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August 23, 1864: Secret Cabinet Memo

We are Coming Father Abraham, written by Stephen Foster in 1862.  Few songs better conveyed Northern determination to win the War.  However, by August 1864 that determination seemed to be wearing thin.


With the War stalled both East and West Union morale was faltering.  On August 22, 1864 Lincoln received a letter from Republican party chairman Henry J. Raymond suggesting that Lincoln offer peace terms to Jefferson Davis on the sole term of acknowledgement of the supremacy of the Constitution with slavery to be dealt with at a later date.   Lincoln’s morale remained unshaken, but he was a veteran politician and could read the political tea leaves as well as any political prognosticator.  That he read defeat in the tea leaves is demonstrated by what has become known as The Blind Memorandum.  Lincoln sealed this document and on August 23, 1864 asked his cabinet officers to sign it unread.  They complied.  Here is the text:

This morning, as for some days past, it seems exceedingly probable that this Administration will not be re-elected. Then it will be my duty to so co-operate with the President elect, as to save the Union between the election and the inauguration; as he will have secured his election on such ground that he can not possibly save it afterwards.

A. Lincoln (more…)

Published in: on August 23, 2018 at 5:30 am  Comments Off on August 23, 1864: Secret Cabinet Memo  
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The Kansas Nebraska Act and the Great Change in American Politics


An excellent presentation in how the Kansas-Nebraska Act reshuffled American politics.  This happens periodically in American politics.  American politics seems geared to two great parties fighting it out for political dominance, and it can often seem that nothing can change in the face of such a monolithic standoff.  However the Kansas-Nebraska Act demonstrates the factors that can lead to rapid political change.  Some of the factors are:


  1.  Some great issue arises that the conventional political parties seem helpless to deal with.
  2. The great issue cuts across the traditional two parties.
  3.  In confronting the great issue new political alignments are formed.
  4. Out of this maelstrom one party presents to the public some hope of resolving that issue and that party goes on to achieve political dominance, usually for several decades.

When Senator Douglas dreamed up the Kansas-Nebraska Act he predicted it would raise “one hell of a storm”.  Douglas never spoke more prophetic words.  His great antagonist Abraham Lincoln immediately grasped the great significance of what had happened and he noted it in a speech on October 16, 1854:


It is an aggravation, rather, of the only one thing which ever endangers the Union. When it came upon us, all was peace and quiet. The nation was looking to the forming of new bonds of Union; and a long course of peace and prosperity seemed to lie before us. In the whole range of possibility, there scarcely appears to me to have been any thing, out of which the slavery agitation could have been revived, except the very project of repealing the Missouri compromise. Every inch of territory we owned, already had a definite settlement of the slavery question, and by which, all parties were pledged to abide. Indeed, there was no uninhabited country on the continent, which we could acquire; if we except some extreme northern regions, which are wholly out of the question. In this state of case, the genius of Discord himself, could scarcely have invented a way of again getting [setting?] us by the ears, but by turning back and destroying the peace measures of the past. The councils of that genius seem to have prevailed, the Missouri compromise was repealed; and here we are, in the midst of a new slavery agitation, such, I think, as we have never seen before.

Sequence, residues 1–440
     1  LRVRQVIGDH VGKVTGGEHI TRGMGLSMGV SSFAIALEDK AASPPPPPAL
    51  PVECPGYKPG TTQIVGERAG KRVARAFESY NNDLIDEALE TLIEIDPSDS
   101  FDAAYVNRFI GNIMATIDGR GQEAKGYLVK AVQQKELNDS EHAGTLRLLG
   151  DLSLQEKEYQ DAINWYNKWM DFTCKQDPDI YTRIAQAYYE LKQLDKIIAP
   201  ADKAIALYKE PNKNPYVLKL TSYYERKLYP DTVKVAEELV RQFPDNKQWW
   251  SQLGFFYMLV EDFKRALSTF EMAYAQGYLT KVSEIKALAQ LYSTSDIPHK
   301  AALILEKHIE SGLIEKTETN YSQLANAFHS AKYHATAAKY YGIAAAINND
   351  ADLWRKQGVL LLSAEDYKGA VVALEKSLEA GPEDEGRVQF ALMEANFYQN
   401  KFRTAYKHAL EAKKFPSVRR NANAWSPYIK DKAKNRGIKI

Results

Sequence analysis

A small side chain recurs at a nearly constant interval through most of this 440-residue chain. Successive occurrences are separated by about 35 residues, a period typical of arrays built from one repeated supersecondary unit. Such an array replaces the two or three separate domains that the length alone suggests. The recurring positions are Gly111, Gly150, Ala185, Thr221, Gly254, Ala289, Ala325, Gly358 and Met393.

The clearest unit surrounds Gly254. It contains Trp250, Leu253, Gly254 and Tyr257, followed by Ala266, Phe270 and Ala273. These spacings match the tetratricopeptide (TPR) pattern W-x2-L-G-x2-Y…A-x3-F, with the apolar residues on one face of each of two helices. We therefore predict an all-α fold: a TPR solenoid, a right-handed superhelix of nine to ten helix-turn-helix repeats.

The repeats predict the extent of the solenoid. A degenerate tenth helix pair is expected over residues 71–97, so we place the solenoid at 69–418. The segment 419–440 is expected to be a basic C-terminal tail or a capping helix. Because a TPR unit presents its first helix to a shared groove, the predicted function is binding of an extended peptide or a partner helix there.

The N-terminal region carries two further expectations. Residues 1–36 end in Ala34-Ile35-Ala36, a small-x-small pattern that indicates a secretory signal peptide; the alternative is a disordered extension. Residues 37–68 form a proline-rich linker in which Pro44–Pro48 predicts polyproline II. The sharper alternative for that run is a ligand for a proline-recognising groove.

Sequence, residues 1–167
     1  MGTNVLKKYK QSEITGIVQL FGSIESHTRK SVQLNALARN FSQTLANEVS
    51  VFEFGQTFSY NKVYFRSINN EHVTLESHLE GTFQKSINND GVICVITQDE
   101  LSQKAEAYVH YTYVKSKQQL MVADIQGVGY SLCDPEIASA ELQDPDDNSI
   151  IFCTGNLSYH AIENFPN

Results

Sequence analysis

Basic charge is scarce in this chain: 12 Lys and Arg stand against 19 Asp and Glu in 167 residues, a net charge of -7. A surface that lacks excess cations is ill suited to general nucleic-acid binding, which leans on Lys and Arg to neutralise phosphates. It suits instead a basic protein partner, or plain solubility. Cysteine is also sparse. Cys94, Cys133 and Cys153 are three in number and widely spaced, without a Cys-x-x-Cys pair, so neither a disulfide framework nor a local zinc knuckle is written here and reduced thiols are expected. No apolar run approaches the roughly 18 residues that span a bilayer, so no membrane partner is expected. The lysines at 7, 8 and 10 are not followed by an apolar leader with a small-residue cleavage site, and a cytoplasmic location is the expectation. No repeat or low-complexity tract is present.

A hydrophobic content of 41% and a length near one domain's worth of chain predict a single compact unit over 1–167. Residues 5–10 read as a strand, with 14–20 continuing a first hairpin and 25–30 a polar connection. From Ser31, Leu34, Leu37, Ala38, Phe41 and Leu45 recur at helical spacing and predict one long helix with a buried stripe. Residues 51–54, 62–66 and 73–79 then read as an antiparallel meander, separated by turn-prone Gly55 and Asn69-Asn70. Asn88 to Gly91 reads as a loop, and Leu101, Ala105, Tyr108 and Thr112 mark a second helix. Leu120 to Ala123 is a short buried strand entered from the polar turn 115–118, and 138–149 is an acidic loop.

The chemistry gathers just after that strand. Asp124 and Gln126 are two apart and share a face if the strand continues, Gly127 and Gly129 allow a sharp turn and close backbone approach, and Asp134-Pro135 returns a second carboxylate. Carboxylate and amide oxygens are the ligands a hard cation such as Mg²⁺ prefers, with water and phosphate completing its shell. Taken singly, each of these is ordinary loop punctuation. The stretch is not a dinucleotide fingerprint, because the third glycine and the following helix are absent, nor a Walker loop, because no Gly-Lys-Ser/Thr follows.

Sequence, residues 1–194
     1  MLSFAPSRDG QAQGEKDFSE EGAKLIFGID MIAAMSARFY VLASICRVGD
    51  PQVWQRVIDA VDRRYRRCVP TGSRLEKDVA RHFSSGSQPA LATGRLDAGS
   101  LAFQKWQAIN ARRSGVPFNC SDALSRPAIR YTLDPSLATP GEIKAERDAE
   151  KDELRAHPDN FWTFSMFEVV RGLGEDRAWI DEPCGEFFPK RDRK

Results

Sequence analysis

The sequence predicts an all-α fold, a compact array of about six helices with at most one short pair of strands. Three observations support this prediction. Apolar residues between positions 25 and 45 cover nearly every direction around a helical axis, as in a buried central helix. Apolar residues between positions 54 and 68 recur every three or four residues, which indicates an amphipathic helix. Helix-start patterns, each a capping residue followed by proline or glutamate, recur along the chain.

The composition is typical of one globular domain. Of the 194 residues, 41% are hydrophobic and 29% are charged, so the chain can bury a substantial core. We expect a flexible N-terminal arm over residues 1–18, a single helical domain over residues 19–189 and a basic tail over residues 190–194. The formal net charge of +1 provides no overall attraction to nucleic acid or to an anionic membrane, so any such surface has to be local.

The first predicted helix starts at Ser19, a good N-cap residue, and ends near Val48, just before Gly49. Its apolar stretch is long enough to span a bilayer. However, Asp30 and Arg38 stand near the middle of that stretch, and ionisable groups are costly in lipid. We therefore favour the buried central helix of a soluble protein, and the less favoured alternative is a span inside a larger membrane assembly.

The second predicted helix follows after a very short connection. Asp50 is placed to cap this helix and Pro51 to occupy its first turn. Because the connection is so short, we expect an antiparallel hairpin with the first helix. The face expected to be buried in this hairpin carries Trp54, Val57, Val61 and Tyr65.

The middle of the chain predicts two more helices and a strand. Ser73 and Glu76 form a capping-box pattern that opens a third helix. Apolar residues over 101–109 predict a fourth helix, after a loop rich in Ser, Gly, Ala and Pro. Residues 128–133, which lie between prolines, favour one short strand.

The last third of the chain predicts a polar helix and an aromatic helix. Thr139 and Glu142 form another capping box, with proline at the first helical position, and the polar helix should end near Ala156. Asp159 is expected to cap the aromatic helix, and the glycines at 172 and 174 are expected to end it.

The Compromise of 1850 seemed to ensure the maintenance of the political status quo.  Kansas-Nebraska revealed that the old political order was dying and a new one was in the process of being born.

Published in: on August 22, 2018 at 5:30 am  Comments Off on The Kansas Nebraska Act and the Great Change in American Politics  
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Death of a Nation: A Review



I saw Death of a Nation, the latest film of Dinesh  D’Souza, on Saturday with my bride and son.  Overall I was disappointed by it.  The review is below the fold and the caveat as to spoilers is strictly in force.


Published in: on August 20, 2018 at 5:30 am  Comments Off on Death of a Nation: A Review  
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The Old Testament in Five Minutes

(I posted this over at The American Catholic and I thought the Bible mavens of Almost Chosen People might enjoy it.)


Superb.  This has almost two million views on YouTube.  We need Catholic Apostolates that could do internet videos with this type of production values and this type of faith.  Too many Catholic videos on the internet are shockingly bad.  Good intentions do not make up for appallingly bad execution.

Published in: on August 19, 2018 at 5:30 am  Comments Off on The Old Testament in Five Minutes  

Aretha Franklin: Requiescat in Pace


Something for the weekend.  I Say A Little Prayer, sung by the Queen of Soul, Aretha Franklin.  She died this week at age 76, leaving behind a body of work that will give joy to generations to come, and that is not a bad legacy.

Published in: on August 18, 2018 at 5:30 am  Comments Off on Aretha Franklin: Requiescat in Pace